|1080P@60fps Wide||Good frame grabs, can slow down to half speed My second favorite!||Doesn't play back through some devices, big files for people with tons of jumps|
|1080P@30fps Wide||Good for everyday jumps, small sizes, good for youtube||Can't slow down, not best of the camera, Possible Rolling Shutter, I would suggest 1080P@60fps to reduce this effect|
|720P@120fps Wide||Slow down 4x||Big file size, jagged lines|
|720P@120fps Narrow||Great for ground stunts or people with camera flying experience. Slow down to 4x||Will show shaking and difficult to sight. Use LCD on ground to get angle just right|
|720P@60fps Wide||Good for debriefing on ipads and just saving space etc||Kinda a waste to use this camera in this mode, but if you are jumping a ton or just producing DVDs go for it.|
I've personally been shooting with the 2.7K lately just because I can afford the extra space and I absolutely love the screen grabs. I was shooting at 1080P 60fps for a while and will most likely go back and forth. When paragliding or doing something more than 5 minutes, I switch the camera to 1080P@30fps since I want to have small files. With all this said, before going on your first jump, make sure you test your camera's settings by playing it back or feeding it through your editing machine.
What about the gazillion other settings?
Below is a listing of how else I have my camera setup
|Photo Resolution||12MP||No real reason to use anything else. Photos are easy to delete quickly|
|Continuous Shot||10SPS||How many stills to take in a second when a photo is taken. Might as well set it to the highest if you are using this mode once in a blue moon. Adjust to your needs. I like taking a bunch of pictures and just sorting through them at the end of the day to find the best one.|
|Burst Rate||30/3 sec||Find this setting is best for capturing exits from within the plane and landings.|
|Time Lapse Interval||0.5 sec||Spray and pray! Take two pictures a second during your skydive and sort them out at the end of the day. Adjust to your needs. 2 second interval and above does not have the exposure lock issue.|
|Wireless controls||Wifi Off||Keep the wifi off to conserve battery power. Holding down the wifi button toggles wifi on and off too.|
|Upside Down||Off||Unless I mount it upside down on something|
|Spot Meter||Off||Unless I want it to expose in the center of the image. Think shooting through a car window where you want the road to be seen not the insides of the car|
|Video + Stills||Off||Only works in 4:3 aspect ratios and will only take stills once every 5 seconds. I just use screen grabs most of the time anyway|
|Auto Looping||Off||This mode works great if you are waiting for an event to occur and will stop the camera right after it happens. This allows you to continuously record a segment and not waste space where you only need the last x minutes of footage.|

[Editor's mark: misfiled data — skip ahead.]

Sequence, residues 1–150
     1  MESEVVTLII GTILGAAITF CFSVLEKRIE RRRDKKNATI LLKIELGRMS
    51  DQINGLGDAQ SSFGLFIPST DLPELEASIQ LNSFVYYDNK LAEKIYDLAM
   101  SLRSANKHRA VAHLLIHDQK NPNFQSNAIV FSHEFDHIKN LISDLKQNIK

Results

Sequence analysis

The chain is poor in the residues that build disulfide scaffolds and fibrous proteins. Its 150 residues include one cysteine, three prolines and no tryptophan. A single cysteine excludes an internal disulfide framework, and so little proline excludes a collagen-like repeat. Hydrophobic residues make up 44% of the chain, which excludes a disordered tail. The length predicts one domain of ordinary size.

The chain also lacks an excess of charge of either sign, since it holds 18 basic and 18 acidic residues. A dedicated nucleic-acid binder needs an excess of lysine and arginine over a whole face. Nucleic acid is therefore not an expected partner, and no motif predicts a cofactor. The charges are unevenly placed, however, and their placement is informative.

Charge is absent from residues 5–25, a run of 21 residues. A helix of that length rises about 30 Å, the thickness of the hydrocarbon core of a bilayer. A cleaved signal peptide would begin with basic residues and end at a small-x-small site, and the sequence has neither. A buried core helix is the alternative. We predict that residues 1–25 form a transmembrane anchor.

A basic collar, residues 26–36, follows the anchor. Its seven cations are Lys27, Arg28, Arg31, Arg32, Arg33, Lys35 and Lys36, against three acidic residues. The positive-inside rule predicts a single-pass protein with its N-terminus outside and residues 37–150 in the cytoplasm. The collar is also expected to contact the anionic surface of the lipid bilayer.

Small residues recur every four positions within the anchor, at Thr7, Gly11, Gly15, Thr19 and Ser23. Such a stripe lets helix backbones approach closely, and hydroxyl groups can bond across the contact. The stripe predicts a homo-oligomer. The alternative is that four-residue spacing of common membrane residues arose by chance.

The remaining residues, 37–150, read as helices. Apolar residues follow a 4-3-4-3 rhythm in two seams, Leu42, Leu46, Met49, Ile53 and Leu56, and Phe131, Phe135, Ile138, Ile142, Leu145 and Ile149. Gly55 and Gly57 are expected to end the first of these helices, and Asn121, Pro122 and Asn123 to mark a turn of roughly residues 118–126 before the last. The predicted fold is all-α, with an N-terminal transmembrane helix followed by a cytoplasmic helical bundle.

|Protune||Off||If you will be handing the footage over to a pro for color correcting, feel free to turn this on. Do not use protune at night.|
Auto Power Off
|Off||Just remember to always manually turn your gopro off.|
|Set it!||It is so much easier to find files by date if you and all your buddies have this set properly!|
One other note! Write your name on your camera! These things get lost, misplaced, traded etc. Use a sharpie and at least put your name on it and the battery!
Really quick, ProTune does two things:
1) Turns off image processing so you get pretty much the "raw" data from the sensor. This means your footage may not look as nice as it does when its processed from the camera but it does allow someone editing the footage to easily tweak the colors to match other sources and the feel they wish to have for their movie.
2) Because it does not "process" the footage it can shove in more information per second of footage. This means each frame will have more detail than if ProTune was turned off.
In summary, if you are a novice, I suggest ProTune off. If you 100% be color correcting your footage in post production, obviously turn it on.
Where do I go for more info?
As always RTFM! After that, watch some YouTube videos on whatever you are having issues with. I also highly recommend checking out Abe Kislevitz's article on his blog. It really opened my mind on the best modes for the camera and he touches some more on the cinematric 24fps modes and the protune feature which this article does not cover. If you want some information on the inner workings of the camera, check out Scuba Diver Info's writeup. You can also reference our old Gopro HD for skydiving article for various hints on mounting, safety, and jumping with the GoPro. Don't forget to update your Gopro3 camera often and subscribe to GoPro's mailing list!
I heard there are issues with the Gopro HERO3 what are they?
GoPro is great about coming up with fixes and updates for their cameras. With that said, there are some issues that we have seen with the current release. To keep tabs we maintain a current Gopro HD HERO3 Problem List.
Spend some time with your Gopro Hero3 and really get to know what works best for you. These are all guidelines and hopefully gives you background to figure out what modes to use and when to use them. Please take a second and like us on Facebook to continue to get more great articles like this one and if you ever need camera gear, please think of us!
Show me some footage!
Various Modes (720 120fps and 1080 60fps):
2.7K Belly Jump:
1080P 60fps Low Light: